MIXED REACTIONS TO DAILY HERALD’S GIRLS’ VOLLEYBALL QUARANTINE ARTICLE

Girls%27+Volleyball+scrimmages+under+the+lights+at+George+Gattas+Memorial+Stadium+on+Oct.+7.+%28photo+by+Mara+Nicolaie%29

Girls’ Volleyball scrimmages under the lights at George Gattas Memorial Stadium on Oct. 7. (photo by Mara Nicolaie)

Rick Lytle, Editor-in-Chief

Members of the girls’ volleyball program woke up to interesting news on the morning of Oct. 27: their program had made the front page of the Daily Herald. “COVID-19 hits Prospect High School girls volleyball team” read the headline, which was a story about how one individual in the Prospect girls’ volleyball program had tested positive for COVID-19, and, as a result, those in the program who had come into contact with this individual were quarantining. 

There was a mix of confusion and anger from some in the Prospect community over both the headline to the story and the story making the front page of the Daily Herald. Some people took to the comment section of the article that appeared on the Daily Herald’s website, questioning the newsworthiness and the picture the headline of the article paints. Some comments appear to have since been removed, although it is not clear who these comments were removed by.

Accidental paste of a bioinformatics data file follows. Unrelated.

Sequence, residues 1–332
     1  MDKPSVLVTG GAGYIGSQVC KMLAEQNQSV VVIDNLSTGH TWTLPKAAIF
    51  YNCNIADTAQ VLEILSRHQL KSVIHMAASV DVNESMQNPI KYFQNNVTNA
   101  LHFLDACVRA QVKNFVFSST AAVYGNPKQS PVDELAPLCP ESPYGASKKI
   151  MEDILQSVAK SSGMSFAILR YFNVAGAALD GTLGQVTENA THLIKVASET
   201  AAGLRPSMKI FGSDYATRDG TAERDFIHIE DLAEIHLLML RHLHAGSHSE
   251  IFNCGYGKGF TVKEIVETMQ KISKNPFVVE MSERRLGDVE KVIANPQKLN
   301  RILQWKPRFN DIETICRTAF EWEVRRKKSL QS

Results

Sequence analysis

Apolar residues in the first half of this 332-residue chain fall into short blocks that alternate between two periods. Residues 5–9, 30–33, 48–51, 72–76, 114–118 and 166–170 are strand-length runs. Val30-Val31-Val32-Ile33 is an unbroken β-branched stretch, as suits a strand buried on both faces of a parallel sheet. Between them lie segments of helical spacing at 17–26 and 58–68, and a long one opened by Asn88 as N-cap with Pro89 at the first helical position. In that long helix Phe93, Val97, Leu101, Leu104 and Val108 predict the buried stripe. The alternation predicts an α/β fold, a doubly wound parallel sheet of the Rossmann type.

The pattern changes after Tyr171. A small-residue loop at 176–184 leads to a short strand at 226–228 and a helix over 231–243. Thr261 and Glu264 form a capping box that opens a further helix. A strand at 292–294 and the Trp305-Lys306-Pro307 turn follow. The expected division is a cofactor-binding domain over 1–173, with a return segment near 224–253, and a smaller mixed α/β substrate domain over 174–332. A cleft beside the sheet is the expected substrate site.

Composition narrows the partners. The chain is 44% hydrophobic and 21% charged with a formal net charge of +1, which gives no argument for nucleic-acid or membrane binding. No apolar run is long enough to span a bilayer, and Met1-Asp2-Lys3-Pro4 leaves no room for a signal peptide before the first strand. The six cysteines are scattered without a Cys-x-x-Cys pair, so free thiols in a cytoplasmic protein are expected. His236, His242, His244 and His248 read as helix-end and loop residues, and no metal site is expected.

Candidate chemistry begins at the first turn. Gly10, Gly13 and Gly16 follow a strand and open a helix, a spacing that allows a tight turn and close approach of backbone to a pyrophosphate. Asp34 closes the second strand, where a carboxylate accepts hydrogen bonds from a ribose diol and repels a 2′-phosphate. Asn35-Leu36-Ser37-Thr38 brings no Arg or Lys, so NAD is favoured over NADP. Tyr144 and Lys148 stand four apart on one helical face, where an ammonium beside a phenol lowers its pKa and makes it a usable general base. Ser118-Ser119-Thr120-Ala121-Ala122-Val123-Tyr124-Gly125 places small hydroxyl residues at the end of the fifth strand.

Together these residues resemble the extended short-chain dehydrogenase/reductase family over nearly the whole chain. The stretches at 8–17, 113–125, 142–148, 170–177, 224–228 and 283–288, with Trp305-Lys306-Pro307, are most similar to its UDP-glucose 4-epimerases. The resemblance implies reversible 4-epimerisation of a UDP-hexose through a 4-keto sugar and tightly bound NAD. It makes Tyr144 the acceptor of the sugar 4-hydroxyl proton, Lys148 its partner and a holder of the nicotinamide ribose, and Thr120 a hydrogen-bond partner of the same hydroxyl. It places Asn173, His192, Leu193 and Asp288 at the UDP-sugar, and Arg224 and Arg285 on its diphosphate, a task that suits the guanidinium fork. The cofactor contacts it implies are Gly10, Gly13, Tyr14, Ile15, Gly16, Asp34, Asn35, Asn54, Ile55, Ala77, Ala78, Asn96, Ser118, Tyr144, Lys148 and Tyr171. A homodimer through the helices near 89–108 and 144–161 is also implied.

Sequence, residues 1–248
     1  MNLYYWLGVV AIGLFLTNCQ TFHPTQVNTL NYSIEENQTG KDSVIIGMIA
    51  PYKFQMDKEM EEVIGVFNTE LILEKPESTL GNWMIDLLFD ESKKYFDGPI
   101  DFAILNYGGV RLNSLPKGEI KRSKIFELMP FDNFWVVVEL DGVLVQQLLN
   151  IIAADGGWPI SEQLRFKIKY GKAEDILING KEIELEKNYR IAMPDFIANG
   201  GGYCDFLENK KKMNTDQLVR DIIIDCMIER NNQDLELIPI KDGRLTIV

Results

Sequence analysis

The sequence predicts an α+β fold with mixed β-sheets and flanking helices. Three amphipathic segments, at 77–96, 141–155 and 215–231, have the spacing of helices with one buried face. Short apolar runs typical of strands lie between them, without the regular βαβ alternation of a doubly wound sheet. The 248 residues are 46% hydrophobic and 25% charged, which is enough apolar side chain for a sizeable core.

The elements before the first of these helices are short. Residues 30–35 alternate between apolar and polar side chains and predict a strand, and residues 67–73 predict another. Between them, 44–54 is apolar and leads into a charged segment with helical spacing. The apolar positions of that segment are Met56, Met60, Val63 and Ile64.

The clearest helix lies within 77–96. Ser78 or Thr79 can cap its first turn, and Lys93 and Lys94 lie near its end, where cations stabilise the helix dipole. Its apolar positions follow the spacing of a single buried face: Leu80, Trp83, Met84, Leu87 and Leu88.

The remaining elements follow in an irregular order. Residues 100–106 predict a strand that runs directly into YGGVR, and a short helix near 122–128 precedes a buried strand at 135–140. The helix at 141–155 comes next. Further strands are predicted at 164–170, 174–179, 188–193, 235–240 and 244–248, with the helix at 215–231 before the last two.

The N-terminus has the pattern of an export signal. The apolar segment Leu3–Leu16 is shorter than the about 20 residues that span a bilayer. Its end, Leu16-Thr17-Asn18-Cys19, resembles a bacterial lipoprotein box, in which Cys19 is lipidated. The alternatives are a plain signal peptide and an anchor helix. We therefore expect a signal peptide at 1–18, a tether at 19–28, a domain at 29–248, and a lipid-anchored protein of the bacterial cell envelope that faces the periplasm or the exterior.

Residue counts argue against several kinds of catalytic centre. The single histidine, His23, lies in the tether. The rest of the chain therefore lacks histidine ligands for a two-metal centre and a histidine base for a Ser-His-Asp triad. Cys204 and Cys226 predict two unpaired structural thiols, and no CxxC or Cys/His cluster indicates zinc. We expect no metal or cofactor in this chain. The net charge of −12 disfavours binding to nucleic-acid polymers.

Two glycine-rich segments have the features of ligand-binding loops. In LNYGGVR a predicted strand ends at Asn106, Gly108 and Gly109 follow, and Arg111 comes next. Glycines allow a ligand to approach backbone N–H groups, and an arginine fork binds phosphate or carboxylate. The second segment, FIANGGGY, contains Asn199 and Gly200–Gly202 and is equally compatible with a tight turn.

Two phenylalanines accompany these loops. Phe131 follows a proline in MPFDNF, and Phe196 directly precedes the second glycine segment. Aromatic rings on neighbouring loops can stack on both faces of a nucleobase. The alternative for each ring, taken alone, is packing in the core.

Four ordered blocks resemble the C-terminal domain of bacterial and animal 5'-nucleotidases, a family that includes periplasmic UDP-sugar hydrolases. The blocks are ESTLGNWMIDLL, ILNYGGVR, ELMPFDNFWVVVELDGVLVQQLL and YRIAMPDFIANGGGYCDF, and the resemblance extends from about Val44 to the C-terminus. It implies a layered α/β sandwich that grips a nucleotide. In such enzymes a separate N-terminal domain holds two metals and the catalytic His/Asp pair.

The Daily Herald did not reach out to Prospect administration for a comment and chose to instead quote Assistant Principal Frank Mirandola from a letter sent out to families affected by the positive case.

“We’re disappointed that the sole source of this article was a letter that was sent to notify families of a [COVID-19] positive individual, and there was no context given to the extensive safety measures in place to provide students with a safe and positive high school experience in the midst of a pandemic,” Mirandola said.

According to Mirandola, once the school was notified that an individual involved in the girls’ volleyball contact days had tested positive for COVID-19, the school followed the District 214 protocol for notifying affected families and mitigating the risk of any further spread. 

Additionally, rules in place look to reduce the dangers of COVID-19 before a spread can even begin to happen. At Prospect, indoor practices are limited to 25 people, which is below the Illinois Department of Public Health recommendation of a maximum of 50 participants. To allow for this, only projected varsity-level student athletes practice inside for indoor sports, with underclass teams finding ways to practice outside. 

Mirandola is glad the individual got tested and adhered to the contact tracing and reporting protocols. 

“We are appreciative of this individual’s commitment to Prospect’s collective good,” Mirandola said. “The person could keep this a secret, and we appreciate the fact that [they] are thinking about others and truly acting selflessly.”